The Stelvio Pass, scheduled in the Tirano-Selva Valgardena stage, was closed because of avalanche risk and this forced the organisers to change the route by introducing the Tonale and the Palade Passes. The following day, in the stage heading to the Pordoi Pass, the organization was told that the San Pellegrino Pass was closed because of a landslide. The stage route was deviated to the Fedaia Pass, going through the Pordoi Pass twice.
The representatives of twenty-three nations fought with great passion, although from stage three the Spanish Indurain began to control the race easily. In the flat stages sprinters challenged each other to thrilling duels, including the outstanding Bontempi and Mario Cipollini who also succeeded in gaining the Maglia Ciclamino. The epilogue in Milan highlighted the exceptional chronoman skills of Miguel Indurain who won the Giro followed by Chiappucci and then by Chioccioli.
In the final time trial from Vigevano to Milan Indurain imposed strong advantages over his opponents. In the very final stretch he even caught Chiappucci who had started off three minutes earlier. The only important absent, and he was criticized by the national and international press, was the World Champion Gianni Bugno who preferred to focus on the Tour de France.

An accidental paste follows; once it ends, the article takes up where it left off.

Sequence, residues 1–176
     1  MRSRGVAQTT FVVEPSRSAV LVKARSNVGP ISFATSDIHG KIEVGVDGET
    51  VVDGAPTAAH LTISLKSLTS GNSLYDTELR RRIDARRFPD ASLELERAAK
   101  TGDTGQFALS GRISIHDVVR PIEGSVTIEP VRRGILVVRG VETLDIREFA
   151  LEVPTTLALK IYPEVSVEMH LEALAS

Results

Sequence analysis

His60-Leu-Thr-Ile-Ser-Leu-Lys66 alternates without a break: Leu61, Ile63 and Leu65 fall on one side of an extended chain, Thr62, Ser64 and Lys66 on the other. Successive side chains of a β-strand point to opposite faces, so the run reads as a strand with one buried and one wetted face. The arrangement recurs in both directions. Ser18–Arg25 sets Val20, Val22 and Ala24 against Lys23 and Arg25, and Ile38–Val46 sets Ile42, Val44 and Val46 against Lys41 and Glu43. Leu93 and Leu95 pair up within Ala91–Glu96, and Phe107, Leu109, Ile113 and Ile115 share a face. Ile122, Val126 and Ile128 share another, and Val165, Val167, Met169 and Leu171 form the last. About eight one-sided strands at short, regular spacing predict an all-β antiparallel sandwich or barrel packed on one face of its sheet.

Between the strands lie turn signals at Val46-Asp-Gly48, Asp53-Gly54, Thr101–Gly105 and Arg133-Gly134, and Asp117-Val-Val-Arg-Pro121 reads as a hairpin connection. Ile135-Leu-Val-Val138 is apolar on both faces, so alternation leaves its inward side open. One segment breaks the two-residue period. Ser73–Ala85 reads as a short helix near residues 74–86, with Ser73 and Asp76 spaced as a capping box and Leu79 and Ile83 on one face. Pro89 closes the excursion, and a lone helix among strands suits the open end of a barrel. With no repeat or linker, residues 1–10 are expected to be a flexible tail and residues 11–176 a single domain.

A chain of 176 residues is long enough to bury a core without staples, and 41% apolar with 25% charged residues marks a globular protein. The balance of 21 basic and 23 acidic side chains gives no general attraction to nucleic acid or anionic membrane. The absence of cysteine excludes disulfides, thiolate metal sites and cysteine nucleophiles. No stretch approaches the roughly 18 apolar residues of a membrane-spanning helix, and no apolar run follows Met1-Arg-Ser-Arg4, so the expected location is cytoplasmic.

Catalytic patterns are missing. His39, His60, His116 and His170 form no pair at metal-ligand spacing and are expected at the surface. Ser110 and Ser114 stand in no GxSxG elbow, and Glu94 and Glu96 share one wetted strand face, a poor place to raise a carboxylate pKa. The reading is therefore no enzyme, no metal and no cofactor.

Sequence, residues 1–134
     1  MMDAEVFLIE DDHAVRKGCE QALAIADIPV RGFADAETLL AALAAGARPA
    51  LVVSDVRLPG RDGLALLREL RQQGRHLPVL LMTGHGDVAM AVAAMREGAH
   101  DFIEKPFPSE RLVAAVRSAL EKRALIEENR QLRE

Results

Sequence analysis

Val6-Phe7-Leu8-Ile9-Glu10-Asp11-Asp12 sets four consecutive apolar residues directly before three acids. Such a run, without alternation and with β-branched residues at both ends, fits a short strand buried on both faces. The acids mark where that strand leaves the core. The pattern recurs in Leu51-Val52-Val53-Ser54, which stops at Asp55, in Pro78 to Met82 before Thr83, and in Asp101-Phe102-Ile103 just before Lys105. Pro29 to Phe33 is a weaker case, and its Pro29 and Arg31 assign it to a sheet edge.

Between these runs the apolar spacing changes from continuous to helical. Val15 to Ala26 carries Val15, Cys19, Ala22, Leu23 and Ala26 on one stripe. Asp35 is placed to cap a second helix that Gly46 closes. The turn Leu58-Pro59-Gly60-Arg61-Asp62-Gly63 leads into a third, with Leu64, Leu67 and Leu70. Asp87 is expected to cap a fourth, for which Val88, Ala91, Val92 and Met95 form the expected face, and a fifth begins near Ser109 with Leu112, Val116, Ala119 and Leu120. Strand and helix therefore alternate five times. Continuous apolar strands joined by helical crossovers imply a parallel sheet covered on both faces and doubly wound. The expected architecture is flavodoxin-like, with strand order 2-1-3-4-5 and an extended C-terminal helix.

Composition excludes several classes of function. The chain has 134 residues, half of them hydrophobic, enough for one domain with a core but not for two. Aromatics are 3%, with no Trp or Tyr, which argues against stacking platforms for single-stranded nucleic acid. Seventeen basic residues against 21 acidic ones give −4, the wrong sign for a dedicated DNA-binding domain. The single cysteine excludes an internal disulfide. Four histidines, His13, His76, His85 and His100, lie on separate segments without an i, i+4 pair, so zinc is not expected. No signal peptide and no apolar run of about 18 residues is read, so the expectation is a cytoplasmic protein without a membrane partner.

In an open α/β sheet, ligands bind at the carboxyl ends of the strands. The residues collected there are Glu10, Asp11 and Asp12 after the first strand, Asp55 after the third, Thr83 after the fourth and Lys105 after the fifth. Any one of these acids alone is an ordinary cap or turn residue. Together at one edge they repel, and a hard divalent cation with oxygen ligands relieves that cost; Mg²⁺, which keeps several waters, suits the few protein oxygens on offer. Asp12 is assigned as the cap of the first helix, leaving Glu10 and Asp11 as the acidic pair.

The start was given from Elba for the first time after the Giro had shortly been there in 1980. At first the race was dominated by the Mecair riders, with Argentin in the forefront. Then after the Senigallia time trial, the racing was carefully controlled by Indurain, who performed a spectacular feat in the Pinerolo-Sestriere time trial and won the Giro for the second time in a row. He was followed by Ugrumov and Chiappucci.
For the first time after 1954, RAI did not broadcast the Giro. It was RTI of Silvio Berlusconi that broadcasted it on Italia1. RTI gave a noticeable impulse and marked a turning point in interpreting the cycling race from a broadcasting point of view.
To meet the pressing requests from different foreign countries, the Giro crossed the borders of Slovenia, Austria and France. Athletically, two young riders were strongly in the limelight: Eugenj Berzin, quite outstanding in the Follonica time trial, who won the Giro in the end, and Marco Pantani, who showed his excellent skills as a climber, especially in the Mortirolo stage and arrived second in Milan, followed by Indurain.
Tuttosport, a sport newspaper in Turin, got a scoop by revealing the route three days before the official presentation of the Giro. But the Race Management, in less than 24 hours modified the route by changing only one stage town and including the Bocco mountain time trial, that turned out to be a great success.